This is exciting news – a revolution and awakening of sorts is underway as more and more companies are taking personal responsibility for learning about the impacts their global supply chains are having on forests and people, and committing to making sure they aren’t contributing to deforestation or exploitation. It’s a very dynamic time – yet, you wouldn’t have known it from the conversation taking place at the Dialogue.
You see, many of the people in the room were actually very concerned about the announcements being made by companies, which were seen to be too free-form, too diverse, without any sort of pre-defined way that they would be implemented or verified. At one point one of the participants actually said: ‘There are too many solutions out there, it’s causing confusion.’ Too many solutions—I wondered – why are we complaining about too many solutions? We need more!
Many of the participants wanted the Dialogue to be a place where everyone could come and agree on what the ‘single’ solution to defining deforestation should be, and thereby what the specific steps for rolling that out across the globe should be. As the conversation turned in this direction, I felt the energy of the participants plummet. How were a few people in a room at Yale going to agree on a definition and guidelines for the world to end deforestation? We weren’t. It was a fool’s errand. And yet that’s what many participants expressed as their goal for the Dialogue. I thought of this when listening to an interview with Clay Shirky, an Internet expert who teaches theory and practice of social media at NYU. Shirky was asked whether or not a group of experts could have created guidelines to regulate the internet at its inception – so that things like cyber-bullying and identity theft and all the negative aspects of the internet might have been prevented.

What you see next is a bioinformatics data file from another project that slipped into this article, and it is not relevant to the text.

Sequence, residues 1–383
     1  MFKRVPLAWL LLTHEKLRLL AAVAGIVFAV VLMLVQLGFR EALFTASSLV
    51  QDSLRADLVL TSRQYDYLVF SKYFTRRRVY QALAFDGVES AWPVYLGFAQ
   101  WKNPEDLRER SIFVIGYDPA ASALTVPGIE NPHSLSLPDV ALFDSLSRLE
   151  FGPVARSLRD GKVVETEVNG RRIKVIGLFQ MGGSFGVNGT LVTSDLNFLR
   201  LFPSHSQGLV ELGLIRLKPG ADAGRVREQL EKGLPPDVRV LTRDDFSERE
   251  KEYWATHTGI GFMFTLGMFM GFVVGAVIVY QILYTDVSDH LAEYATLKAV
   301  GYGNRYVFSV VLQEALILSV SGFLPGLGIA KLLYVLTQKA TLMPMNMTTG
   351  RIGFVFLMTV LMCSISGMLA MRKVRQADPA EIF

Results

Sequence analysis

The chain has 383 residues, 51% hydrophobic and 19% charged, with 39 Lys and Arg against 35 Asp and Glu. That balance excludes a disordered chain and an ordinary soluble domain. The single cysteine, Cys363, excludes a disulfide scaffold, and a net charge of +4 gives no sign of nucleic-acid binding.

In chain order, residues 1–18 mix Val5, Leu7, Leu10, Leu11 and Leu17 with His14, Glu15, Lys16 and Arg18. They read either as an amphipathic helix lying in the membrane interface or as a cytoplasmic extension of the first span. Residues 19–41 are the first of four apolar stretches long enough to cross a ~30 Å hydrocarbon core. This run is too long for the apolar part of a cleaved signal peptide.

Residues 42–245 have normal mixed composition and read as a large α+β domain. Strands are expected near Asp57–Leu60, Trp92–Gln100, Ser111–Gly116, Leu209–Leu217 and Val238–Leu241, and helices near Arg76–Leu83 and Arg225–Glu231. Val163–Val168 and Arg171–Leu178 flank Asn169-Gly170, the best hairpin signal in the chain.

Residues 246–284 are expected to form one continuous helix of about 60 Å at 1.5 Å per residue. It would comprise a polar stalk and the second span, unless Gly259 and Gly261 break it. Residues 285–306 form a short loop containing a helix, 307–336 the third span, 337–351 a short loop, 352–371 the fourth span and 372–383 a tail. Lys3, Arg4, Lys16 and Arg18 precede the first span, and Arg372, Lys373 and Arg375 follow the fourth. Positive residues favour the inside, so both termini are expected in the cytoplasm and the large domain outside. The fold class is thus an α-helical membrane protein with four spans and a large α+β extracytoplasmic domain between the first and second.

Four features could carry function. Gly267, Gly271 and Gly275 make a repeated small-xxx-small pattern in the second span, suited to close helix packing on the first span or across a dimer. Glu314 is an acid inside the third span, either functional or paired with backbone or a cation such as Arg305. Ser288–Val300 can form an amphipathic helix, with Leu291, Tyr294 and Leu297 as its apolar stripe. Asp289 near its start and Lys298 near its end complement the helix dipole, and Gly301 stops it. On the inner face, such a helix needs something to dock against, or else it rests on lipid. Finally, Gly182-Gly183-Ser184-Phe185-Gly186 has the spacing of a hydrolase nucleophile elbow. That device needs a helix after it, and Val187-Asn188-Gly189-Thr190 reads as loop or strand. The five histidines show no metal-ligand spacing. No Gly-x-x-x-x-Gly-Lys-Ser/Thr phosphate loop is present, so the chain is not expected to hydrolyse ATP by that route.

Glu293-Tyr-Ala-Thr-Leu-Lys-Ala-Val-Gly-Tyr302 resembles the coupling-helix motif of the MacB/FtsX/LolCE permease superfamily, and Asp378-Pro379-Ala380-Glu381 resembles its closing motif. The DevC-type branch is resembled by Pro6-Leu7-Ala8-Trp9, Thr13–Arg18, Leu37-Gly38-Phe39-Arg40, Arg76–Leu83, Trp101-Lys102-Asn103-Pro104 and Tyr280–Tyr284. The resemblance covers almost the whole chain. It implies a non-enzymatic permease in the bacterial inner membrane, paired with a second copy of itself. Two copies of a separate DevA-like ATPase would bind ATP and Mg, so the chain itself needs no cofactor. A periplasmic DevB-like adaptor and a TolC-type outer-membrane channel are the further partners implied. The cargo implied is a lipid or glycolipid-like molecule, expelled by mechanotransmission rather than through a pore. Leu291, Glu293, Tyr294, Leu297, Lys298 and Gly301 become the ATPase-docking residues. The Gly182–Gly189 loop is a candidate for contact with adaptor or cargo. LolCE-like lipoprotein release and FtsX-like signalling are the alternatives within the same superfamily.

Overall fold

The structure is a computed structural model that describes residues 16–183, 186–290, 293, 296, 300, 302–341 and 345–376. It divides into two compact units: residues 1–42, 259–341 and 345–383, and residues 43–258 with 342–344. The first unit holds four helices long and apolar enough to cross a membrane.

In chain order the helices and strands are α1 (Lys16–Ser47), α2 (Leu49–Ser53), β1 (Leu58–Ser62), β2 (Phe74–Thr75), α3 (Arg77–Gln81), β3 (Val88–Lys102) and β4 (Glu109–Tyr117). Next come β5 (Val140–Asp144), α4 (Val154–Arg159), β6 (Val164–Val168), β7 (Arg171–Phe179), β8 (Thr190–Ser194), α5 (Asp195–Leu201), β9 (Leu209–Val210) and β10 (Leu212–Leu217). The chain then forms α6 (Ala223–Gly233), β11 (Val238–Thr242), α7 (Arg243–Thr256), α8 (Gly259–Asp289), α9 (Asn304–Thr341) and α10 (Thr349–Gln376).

Shirky’s response was telling: